Categories Consumer, Earnings Call Transcripts

Lyft Inc (NASDAQ: LYFT) Q1 2020 Earnings Call Transcript

LYFT Earnings Call - Final Transcript

Lyft Inc (LYFT) Q1 2020 earnings call dated May. 06, 2020

Corporate Participants:

Shawn Woodhull — Head of Investor Relations

Logan Green — Chief Executive Officer, Co-Founder and Director

John Zimmer — President, Co-Founder and Vice Chairman

Brian Roberts — Chief Financial Officer

Analysts:

Stephen Ju — Credit Suisse — Analyst

Mark Mahaney — RBC Capital Markets — Analyst

Doug Anmuth — J.P. Morgan — Analyst

Eric Sheridan — UBS — Analyst

Benjamin Black — Evercore ISI — Analyst

Edward Yruma — KeyBanc Capital Markets — Analyst

Brent Thill — Jefferies LLC — Analyst

Brian Fitzgerald — Wells Fargo — Analyst

Itay Michaeli — Citi — Analyst

Presentation:

Operator

Good afternoon, ladies and gentlemen, and welcome to the Lyft First Quarter 2020 Earnings Call. [Operator Instructions] As a reminder, this conference call is being recorded.

I would now like to turn the conference over to Shawn Woodhull, Head of Investor Relations. You may begin.

Shawn Woodhull — Head of Investor Relations

Thank you. Good afternoon, and welcome to the Lyft earnings call for the quarter ended March 31, 2020. This is Shawn Woodhull, Head of Investor Relations. Joining me today to discuss Lyft’s results are Co-Founder and CEO, Logan Green; Co-Founder and President, John Zimmer; and Chief Financial Officer, Brian Roberts. Logan and John will give an update on our business and key initiatives, and then Brian will review our Q1 results and share some commentary regarding our outlook. This conference call will be available via webcast on our Investor Relations website at investor.lyft.com and a recording will be available at the same location shortly after this call has ended.

I’d like to take this opportunity to remind you that during the call, we will be forward-looking statements, including statements relating to the expected impact of the COVID-19 pandemic, the expected performance of our business, future financial results and guidance, strategy, long-term growth and overall future prospects. These statements are subject to known and unknown risks and uncertainties that could cause actual results to differ materially from those projected or implied during this call. In particular, those described in our risk factors included in our Form 10-K for the full year 2019 that was filed with the SEC on February 28, 2020, and the risk factors included in our Form 10-Q for the first quarter of 2020 that will be filed by May 15, 2020 as well as risks associated with the current uncertainty and unpredictability in our business, the markets and economy.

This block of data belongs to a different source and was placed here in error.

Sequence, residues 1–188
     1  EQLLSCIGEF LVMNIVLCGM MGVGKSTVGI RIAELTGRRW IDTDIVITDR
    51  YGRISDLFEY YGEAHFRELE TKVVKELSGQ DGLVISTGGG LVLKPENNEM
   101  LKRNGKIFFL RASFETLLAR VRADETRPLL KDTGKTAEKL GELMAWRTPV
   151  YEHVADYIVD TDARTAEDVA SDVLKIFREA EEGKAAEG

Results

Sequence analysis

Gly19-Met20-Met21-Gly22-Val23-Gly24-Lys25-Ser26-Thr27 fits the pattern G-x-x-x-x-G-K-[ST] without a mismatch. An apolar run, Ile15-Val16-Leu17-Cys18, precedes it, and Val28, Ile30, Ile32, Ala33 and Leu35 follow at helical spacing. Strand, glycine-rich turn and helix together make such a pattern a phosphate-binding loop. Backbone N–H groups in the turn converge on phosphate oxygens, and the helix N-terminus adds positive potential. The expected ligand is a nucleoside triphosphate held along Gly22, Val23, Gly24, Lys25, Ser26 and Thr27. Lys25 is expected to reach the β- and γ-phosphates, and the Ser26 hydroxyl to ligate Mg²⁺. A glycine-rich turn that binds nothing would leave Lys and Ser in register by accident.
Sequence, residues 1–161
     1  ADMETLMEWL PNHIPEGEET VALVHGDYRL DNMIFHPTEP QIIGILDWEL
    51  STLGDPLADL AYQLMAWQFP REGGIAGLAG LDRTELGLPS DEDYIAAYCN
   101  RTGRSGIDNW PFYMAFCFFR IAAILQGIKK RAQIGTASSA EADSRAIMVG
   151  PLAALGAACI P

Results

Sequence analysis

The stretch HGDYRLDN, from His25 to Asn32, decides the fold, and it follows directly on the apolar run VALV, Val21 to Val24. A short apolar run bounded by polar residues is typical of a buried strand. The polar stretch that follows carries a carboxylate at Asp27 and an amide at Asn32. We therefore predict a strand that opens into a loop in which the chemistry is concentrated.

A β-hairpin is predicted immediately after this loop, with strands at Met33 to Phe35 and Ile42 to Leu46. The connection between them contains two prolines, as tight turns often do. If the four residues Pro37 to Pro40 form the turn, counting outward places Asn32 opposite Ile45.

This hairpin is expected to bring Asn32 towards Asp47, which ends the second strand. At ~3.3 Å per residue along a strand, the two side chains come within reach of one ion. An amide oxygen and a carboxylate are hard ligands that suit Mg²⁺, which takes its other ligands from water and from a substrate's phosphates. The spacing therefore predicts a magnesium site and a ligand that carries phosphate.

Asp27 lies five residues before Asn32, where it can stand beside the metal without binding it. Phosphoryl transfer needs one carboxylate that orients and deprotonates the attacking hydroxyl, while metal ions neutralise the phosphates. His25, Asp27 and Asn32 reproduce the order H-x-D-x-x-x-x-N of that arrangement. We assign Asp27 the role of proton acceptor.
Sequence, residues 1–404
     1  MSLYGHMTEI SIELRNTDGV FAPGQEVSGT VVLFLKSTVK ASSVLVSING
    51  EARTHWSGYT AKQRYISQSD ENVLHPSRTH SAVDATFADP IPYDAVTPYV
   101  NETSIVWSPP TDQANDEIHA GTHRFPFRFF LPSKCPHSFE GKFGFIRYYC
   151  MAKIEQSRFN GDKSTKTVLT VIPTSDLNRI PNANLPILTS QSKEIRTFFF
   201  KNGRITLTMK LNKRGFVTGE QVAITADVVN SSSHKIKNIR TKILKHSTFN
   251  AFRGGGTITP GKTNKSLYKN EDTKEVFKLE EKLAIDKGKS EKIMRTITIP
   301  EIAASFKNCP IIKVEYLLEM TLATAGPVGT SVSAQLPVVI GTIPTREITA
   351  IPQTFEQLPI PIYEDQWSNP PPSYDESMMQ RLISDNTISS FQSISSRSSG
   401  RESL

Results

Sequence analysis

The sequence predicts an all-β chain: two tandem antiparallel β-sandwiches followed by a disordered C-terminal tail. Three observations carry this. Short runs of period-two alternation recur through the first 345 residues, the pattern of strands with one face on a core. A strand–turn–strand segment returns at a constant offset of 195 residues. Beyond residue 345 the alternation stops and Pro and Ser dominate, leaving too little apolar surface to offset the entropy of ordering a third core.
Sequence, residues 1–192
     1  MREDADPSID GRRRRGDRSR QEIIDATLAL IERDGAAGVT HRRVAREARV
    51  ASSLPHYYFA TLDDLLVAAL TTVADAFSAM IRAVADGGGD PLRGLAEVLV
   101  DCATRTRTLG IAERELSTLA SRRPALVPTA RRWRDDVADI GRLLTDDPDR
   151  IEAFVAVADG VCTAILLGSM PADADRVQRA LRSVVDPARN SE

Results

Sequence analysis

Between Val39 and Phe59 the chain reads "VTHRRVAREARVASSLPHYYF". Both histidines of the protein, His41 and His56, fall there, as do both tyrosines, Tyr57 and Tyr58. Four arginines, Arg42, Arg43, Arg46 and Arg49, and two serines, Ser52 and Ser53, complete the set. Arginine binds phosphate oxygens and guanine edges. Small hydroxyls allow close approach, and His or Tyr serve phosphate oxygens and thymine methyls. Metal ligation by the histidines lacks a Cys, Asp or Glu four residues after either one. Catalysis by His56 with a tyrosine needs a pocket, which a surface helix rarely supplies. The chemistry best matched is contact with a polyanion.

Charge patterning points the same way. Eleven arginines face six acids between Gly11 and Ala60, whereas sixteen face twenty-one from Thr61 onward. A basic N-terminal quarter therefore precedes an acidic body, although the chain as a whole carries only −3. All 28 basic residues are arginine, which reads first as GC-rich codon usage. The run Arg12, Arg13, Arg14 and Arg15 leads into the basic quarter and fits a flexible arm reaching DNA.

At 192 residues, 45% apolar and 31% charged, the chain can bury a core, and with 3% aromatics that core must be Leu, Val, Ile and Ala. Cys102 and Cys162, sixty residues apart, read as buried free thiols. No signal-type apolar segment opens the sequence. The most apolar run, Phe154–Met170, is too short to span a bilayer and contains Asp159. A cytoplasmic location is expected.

You should not rely on our forward-looking statements as predictions of future events. All forward-looking statements that we make on this call are based on assumptions and beliefs as of the date hereof, and Lyft disclaims any obligation to update any forward-looking statements, except as required by law. Our discussion today will include non-GAAP financial measures. These non-GAAP measures should be considered in addition to and not as a substitute for or in isolation from our GAAP results. Information regarding our non-GAAP financial results, including a reconciliation of our historical GAAP to non-GAAP results may be found in our earnings release, which was furnished with our Form 8-K filed today with the SEC and may also be found on our Investor Relations website at investor.lyft.com.

I would now like to turn the conference call over to Lyft’s Co-Founder and Chief Executive Officer, Logan Green. Logan?

Logan Green — Chief Executive Officer, Co-Founder and Director